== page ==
BEFORE STARTING, if appropriate, merchant should obtain a deposit or down payment in trade dollars in the same manner as a cash transaction. This is done with a completed BCL transaction voucher and authorisation number from BCL Credit Clearance if the amount exceeds $100.00 or $500 if the credit clearance is required on a Gold Card or as stipulated on the particular Bartercard card. Merchant should include in its contract that if customer does not have sufficient trade dollars in its account when authorisation is requested, the difference must be paid in CASH TO THE MERCHANT. BCL will only issue an authorisation for the amount in the account and remaining usable credit line facility." (Emphasis added)

The Rules do not define either "special orders", "construction jobs", "service work" or "long term leases and other work-in-progress transactions". Rule 33 provides for the suspension of trading privileges. It reads:

BCL reserves the right at its sole discretion, to suspend the trading privileges of any client who is in violation of any State or Federal law; who engages in overpricing, direct trades, or otherwise breaches the terms of the agreement; or has cash fees due to BCL which are more than one month past due. In the latter case, the trading privileges of client shall be reinstated immediately upon payment of all cash fees due, including interest.
In the event of termination or cancellation by either party BCL may freeze the account until the cash fees have been prepaid."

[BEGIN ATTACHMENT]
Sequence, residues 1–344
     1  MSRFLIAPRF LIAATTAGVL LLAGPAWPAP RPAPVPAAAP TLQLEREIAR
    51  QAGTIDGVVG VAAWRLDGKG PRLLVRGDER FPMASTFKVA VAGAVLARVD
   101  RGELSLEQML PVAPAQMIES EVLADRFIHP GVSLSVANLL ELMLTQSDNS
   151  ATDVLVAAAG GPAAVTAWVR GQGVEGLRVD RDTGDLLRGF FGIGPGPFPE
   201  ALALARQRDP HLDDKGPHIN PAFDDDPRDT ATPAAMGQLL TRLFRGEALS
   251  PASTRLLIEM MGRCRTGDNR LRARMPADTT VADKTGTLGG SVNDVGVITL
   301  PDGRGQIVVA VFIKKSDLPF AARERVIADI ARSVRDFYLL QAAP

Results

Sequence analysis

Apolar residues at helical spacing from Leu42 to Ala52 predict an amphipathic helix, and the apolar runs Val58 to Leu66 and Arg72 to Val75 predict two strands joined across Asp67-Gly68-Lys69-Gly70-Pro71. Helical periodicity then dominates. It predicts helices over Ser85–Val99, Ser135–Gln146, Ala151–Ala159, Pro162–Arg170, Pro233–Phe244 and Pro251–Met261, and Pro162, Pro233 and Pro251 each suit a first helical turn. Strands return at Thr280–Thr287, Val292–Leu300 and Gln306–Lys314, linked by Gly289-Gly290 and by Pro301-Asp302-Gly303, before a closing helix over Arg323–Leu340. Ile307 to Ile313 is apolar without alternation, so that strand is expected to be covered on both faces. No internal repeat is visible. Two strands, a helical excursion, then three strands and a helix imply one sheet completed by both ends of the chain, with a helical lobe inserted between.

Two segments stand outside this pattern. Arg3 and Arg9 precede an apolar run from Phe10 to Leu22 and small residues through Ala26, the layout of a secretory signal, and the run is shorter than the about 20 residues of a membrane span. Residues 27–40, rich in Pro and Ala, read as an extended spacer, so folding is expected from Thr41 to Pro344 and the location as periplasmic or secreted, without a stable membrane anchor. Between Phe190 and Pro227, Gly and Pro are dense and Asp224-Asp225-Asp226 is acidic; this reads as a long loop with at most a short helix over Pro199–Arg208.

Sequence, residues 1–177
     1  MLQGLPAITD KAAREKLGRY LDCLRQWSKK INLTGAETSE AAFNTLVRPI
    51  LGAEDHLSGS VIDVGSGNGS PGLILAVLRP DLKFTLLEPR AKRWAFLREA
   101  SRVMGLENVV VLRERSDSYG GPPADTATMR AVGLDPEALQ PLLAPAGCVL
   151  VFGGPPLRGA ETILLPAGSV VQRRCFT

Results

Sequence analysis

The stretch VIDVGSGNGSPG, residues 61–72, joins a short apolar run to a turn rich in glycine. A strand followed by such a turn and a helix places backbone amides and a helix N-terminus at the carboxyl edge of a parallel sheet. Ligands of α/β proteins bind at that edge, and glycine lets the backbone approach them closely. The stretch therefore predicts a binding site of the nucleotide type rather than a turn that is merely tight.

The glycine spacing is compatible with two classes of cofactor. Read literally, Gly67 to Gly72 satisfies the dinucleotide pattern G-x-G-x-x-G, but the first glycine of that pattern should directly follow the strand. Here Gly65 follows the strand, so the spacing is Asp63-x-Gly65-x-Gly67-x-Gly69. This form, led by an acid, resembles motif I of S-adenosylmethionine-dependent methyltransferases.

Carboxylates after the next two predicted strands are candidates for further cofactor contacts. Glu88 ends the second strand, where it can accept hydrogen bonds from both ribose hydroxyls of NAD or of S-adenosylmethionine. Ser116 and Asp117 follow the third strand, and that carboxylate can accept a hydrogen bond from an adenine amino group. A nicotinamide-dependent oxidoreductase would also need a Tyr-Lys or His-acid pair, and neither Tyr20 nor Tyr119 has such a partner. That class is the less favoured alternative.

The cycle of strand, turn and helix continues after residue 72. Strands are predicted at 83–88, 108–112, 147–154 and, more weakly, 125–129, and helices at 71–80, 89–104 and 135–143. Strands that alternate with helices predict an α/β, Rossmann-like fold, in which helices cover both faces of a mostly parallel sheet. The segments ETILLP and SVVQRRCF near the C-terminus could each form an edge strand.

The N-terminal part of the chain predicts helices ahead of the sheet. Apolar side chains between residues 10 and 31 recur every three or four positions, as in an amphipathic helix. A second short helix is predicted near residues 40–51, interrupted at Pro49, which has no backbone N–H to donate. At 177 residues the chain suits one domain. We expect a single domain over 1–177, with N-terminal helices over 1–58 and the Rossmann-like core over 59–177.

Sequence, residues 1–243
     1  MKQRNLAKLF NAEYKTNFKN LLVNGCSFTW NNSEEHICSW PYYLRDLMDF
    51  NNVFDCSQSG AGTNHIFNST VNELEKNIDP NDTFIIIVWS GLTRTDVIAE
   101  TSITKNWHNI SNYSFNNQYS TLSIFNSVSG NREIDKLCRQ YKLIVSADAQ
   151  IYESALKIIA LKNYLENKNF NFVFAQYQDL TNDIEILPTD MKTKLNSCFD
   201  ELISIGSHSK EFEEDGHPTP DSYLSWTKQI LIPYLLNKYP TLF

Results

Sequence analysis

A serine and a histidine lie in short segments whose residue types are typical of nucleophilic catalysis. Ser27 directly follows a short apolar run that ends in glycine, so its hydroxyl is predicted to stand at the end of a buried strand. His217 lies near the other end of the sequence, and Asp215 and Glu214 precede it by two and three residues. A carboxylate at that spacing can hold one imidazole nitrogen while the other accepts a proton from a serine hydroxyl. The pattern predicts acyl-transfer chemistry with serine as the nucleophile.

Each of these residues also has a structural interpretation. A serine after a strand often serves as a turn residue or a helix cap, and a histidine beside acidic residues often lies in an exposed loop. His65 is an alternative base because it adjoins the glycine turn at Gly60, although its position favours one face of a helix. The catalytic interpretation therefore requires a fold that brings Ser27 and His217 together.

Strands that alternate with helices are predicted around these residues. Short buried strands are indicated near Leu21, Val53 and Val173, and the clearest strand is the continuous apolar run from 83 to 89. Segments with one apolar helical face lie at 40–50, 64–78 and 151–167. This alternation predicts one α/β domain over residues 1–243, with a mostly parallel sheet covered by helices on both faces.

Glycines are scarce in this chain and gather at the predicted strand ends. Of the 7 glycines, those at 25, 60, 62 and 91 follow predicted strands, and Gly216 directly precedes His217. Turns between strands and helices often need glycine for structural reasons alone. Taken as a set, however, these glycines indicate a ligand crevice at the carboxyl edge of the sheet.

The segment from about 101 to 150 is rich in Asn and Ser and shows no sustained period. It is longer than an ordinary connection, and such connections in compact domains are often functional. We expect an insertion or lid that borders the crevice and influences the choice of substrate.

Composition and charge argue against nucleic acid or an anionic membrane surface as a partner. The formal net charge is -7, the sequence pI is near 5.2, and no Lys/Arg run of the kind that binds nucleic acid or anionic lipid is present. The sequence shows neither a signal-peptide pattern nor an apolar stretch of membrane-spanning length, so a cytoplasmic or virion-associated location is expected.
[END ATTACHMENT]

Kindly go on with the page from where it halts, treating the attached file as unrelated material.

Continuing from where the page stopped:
6 After the plaintiff had provided the defendants with a quotation for the cost of the bricks, the parties ascertained that they were both members of BCL. They agreed that payment would be made by trade dollars through Bartercard. The plaintiff sold the defendants bricks to a total value of $30,736.80. In May 1995 the plaintiff was paid the equivalent of $10,000 in BCL trade dollars. That was the only payment received from or on behalf of the defendants.

7 After the last of the bricks had been supplied in July 1995, Mr Renwood, the plaintiff's credit manager, began to enquire from BCL about payment of the balance of the price. He tried to contact a person called Domenic at BCL. Domenic was the person nominated by BCL to deal with this sale. Domenic proved to be elusive and the first contact was not made until September 1995. Mr Renwood informed Domenic of the cost of goods supplied and the amount paid. Domenic promised to look into the matter and get back to Mr Renwood. It was not until 17 November that Domenic told Mr Renwood that BCL had withdrawn its services to Aronis Nominees Pty Ltd. Domenic informed Mr Renwood that the plaintiff should seek to recover the balance of the cost of the bricks direct from the defendants.